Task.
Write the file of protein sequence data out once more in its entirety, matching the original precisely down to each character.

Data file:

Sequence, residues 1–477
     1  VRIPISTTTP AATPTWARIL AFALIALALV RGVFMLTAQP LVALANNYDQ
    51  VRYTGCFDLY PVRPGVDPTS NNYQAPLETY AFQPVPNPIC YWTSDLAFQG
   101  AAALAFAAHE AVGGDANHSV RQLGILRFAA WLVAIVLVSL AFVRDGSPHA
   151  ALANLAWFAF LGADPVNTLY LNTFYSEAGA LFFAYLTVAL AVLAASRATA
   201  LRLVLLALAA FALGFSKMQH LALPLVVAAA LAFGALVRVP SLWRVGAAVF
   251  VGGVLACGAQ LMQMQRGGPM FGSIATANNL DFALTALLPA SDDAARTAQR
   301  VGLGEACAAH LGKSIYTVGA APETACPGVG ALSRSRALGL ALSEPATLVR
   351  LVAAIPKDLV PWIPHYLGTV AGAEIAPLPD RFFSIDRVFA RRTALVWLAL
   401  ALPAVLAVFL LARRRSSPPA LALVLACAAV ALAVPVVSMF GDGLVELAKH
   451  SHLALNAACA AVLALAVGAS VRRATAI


Sequence, residues 1–477
     1  VRIPISTTTP AATPTWARIL AFALIALALV RGVFMLTAQP LVALANNYDQ
    51  VRYTGCFDLY PVRPGVDPTS NNYQAPLETY AFQPVPNPIC YWTSDLAFQG
   101  AAALAFAAHE AVGGDANHSV RQLGILRFAA WLVAIVLVSL AFVRDGSPHA
   151  ALANLAWFAF LGADPVNTLY LNTFYSEAGA LFFAYLTVAL AVLAASRATA
   201  LRLVLLALAA FALGFSKMQH LALPLVVAAA LAFGALVRVP SLWRVGAAVF
   251  VGGVLACGAQ LMQMQRGGPM FGSIATANNL DFALTALLPA SDDAARTAQR
   301  VGLGEACAAH LGKSIYTVGA APETACPGVG ALSRSRALGL ALSEPATLVR
   351  LVAAIPKDLV PWIPHYLGTV AGAEIAPLPD RFFSIDRVFA RRTALVWLAL
   401  ALPAVLAVFL LARRRSSPPA LALVLACAAV ALAVPVVSMF GDGLVELAKH
   451  SHLALNAACA AVLALAVGAS VRRATAI